His knuckles were bruised, I wasn't sure if it was from work or from a dust up the night before. He looked hale and hearty and as if he liked a bit of a brawl.
Yesterday, during the afternoon, I had some time off. Joe and I motored up to Swords to the shopping center there. On the way out my front tire got caught on a cobblestone and the rubber was ripped from the rim. I was panic-struck. I had to be at the radio studio in a couple of hours, and even more important to me, I had yet to navigate three airports to get home. What was I going to do? Try as we might we couldn't get the tire back on.
We decided to go back to the hotel and see if building maintenance could help. But luckily just a block from the hotel we spotted a tire and brake place called Fast Fit. We pulled in to ask for help. The guy there looked at the chair, turned the wheel around with mitts that looked like they knew exactly what they were doing. He was determined to get it fixed and me mobile again. It took two of them and it took some time but the chair was fixed. They refused payment and instead just wished us well.
Odd. Something nice. Out of the blue.
Yet on arriving at the airport to fly to Dublin we got our boarding passes and were sent to special services. Well, the services weren't very special. The guy was openly hostile about getting someone to push me to the gate. The special services room was filled with special services people but none got up to help. The door was guarded by a very angry man. First he demanded why Joe didn't push me.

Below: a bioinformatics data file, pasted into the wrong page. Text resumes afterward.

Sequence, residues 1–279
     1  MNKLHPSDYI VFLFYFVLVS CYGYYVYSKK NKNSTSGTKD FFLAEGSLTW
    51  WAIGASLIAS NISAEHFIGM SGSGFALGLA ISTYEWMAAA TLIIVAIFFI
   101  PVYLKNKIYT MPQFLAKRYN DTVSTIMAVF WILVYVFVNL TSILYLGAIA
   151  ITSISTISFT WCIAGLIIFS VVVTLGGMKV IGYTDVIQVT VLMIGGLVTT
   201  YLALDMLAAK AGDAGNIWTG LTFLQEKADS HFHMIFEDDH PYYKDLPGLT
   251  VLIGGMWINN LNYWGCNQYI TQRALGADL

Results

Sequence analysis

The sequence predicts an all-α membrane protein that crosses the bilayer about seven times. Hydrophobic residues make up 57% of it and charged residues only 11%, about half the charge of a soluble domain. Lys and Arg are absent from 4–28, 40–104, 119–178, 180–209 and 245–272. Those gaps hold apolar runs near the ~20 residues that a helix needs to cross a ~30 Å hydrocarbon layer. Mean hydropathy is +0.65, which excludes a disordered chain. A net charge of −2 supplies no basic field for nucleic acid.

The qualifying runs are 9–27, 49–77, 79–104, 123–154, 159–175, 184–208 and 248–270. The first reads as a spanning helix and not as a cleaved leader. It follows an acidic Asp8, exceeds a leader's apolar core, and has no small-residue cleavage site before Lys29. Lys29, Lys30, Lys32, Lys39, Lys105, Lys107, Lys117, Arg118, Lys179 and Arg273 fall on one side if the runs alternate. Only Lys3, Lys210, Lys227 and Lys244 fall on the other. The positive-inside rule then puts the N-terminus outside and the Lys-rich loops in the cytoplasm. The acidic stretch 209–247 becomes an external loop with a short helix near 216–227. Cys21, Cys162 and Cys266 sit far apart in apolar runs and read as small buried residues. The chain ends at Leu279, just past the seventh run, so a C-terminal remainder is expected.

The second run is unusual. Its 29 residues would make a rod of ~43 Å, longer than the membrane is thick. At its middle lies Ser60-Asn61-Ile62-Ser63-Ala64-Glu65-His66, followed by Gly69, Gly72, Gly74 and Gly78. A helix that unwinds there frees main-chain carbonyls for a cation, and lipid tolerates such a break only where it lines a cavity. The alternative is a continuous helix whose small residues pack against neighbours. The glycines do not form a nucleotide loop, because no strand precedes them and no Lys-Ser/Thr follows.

Beyond the fact that it's not Joe's job to push me. Joe had his hands full with our briefcases, coats and stuff. Then he asked, loudly in front of others, if I could climb stairs. I said I could not. I would have thought that being in the wheelchair was a bit of a give away for that one. Then he moaned that if I couldn't climb stairs and there wasn't a ramp they'd have to get special equipment. I explained to him that they had told me upon check in that the plane would be at the gate and no lift would be necessary.
Then I asked if we could go to the gate now. He said "No" with finality and sent me away telling me to come back later.
Believe it or not, I didn't tantrum.
I was too shocked.
When I came back, he was gone but my confidence was back. I spoke to the supervisor and let her know that what happened wasn't OK. She didn't really, um, care.
Odd, isn't it?
That the most disability-hostile experience I've had on this trip came from those who are supposed to ... care.
And that one who didn't need to care ... did.